What happened next: pause. Counselling. A mini-pizza and a Coke in a hurry, consumed 50 metres away from the pizzeria, as is Corona law in Germany. We didn’t need the Coke. At the reopening, it was now 3 p.m., Judge Kühnen told a rather surprised audience: “We are suspending and referring to the ECJ on questions of the GDPR.” The decision would be handed down in the next few weeks and the court would wait for the answer. And that was it. Nearly.
When will it be enforced?
“Now, we are just performing secretarial duties”, Kühnen said almost coquettishly. A burden fell from him, too, it seemed, after this exhausting hearing. The question of the day remained open: Does the FCO actually enforce its injunction now? After the BGH ruling, there is no suspensive effect for Facebook at present. And, how timely, the deadline for the first implementation step expires next Monday. Then Facebook must submit the famous “implementation plan”. The Cartel Office is allowed to demand this. But will it do so – despite the risk of liability in case they are proved wrong in a couple of years?
The Facebook representatives gave the impression that it was an undue hardship to have to present an implementation plan in three days (!), as if they had only just been informed. One would like to know how far the work on such a plan has progressed. Or were they relying on the OLG to bail them out in time?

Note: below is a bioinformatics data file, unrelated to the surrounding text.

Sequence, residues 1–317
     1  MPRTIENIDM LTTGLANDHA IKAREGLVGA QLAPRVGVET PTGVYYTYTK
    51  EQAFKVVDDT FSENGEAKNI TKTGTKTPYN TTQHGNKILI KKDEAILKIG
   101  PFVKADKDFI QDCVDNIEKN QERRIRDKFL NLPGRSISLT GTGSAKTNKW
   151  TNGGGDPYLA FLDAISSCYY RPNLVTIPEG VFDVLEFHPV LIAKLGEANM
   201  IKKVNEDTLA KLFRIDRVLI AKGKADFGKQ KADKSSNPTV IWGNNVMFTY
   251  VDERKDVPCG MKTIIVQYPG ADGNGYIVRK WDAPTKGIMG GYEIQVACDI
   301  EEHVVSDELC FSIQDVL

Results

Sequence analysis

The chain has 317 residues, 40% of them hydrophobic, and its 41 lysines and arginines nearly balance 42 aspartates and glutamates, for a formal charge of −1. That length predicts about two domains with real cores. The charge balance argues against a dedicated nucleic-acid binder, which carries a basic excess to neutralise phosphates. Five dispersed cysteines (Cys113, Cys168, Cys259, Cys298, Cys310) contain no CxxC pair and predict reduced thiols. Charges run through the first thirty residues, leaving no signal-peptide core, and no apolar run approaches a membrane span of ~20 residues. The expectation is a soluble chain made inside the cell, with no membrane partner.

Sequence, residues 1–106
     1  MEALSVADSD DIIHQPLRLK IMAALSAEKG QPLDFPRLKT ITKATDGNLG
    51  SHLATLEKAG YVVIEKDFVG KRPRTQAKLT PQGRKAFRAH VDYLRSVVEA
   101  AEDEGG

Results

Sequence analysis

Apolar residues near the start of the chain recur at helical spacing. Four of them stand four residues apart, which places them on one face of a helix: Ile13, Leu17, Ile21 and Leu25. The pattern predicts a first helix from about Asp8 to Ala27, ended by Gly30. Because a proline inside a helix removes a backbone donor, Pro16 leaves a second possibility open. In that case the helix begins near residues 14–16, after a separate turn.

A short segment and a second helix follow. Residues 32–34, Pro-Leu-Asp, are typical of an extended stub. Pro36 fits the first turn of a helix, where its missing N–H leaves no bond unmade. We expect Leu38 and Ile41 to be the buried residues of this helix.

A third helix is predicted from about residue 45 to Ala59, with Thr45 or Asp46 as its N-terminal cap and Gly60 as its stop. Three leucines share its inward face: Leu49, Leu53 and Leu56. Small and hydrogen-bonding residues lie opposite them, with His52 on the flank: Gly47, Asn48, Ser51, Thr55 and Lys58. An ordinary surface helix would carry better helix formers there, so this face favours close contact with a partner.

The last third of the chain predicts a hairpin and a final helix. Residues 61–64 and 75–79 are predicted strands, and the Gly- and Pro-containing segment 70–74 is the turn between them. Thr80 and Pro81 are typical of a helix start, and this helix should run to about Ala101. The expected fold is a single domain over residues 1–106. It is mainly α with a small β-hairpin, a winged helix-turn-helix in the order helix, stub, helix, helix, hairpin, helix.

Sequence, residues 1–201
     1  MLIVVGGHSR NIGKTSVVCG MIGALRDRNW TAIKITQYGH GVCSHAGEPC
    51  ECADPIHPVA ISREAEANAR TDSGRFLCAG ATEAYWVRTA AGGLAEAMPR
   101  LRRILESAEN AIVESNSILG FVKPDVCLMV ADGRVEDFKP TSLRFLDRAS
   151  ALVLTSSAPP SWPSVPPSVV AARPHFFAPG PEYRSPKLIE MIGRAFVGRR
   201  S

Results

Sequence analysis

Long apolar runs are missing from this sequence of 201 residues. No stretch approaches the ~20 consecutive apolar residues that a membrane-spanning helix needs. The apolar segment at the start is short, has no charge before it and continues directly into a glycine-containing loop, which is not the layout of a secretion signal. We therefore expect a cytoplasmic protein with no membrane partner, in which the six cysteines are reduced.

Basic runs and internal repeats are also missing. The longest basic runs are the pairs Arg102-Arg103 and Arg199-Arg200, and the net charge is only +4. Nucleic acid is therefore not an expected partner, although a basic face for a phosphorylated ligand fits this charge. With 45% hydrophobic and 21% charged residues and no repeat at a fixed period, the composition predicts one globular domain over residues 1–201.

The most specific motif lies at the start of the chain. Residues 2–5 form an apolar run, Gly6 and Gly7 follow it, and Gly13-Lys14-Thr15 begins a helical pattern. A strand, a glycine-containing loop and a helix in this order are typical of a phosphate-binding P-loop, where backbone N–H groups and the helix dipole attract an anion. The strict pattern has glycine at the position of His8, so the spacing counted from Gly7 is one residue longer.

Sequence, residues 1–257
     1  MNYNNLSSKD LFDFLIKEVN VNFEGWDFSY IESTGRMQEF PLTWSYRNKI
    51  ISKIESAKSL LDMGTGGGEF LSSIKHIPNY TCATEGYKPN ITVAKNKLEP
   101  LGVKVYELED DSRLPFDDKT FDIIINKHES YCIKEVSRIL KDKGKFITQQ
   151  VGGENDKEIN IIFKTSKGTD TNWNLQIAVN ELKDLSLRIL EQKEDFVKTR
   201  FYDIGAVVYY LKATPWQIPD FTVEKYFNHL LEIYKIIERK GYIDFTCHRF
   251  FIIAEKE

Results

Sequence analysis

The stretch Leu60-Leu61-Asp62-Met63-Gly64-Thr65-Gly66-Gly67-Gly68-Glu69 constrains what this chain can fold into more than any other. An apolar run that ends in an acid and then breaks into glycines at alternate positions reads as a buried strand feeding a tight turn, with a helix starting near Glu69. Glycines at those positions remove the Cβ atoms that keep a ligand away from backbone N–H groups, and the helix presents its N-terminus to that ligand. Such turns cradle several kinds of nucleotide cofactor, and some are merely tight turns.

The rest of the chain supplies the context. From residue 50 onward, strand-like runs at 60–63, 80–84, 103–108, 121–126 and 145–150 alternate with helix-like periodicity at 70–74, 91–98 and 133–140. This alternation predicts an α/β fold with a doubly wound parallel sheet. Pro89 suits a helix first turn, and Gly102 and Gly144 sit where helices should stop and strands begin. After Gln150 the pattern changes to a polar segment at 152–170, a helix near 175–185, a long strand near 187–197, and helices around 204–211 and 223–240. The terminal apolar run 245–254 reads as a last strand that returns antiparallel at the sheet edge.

Nothdurft felt unable to make an ad hoc decision. He wanted to call the office first (just like a trainee public prosecutor has to do in Germany). The decision is with the decision division (headed by Julia Topel), not with him. During lunch break, he had obviously prepared himself for the situation that the OLG would side with Facebook today. That was what it had looked like. To enforce with a lost court case in the first instance court, that would be a brave move. But now? With the ECJ as a potential game changer?
Esser announced: If the FCO wishes to enforce, Facebook will file a new application for an order of suspensive effect. Kühnen would be responsible for this again, and he promised to decide quickly – if necessary within days. I would hope that the implementation plan would at least be called in. The risk of liability for this first step would be quite manageable… But academics dream such dreams.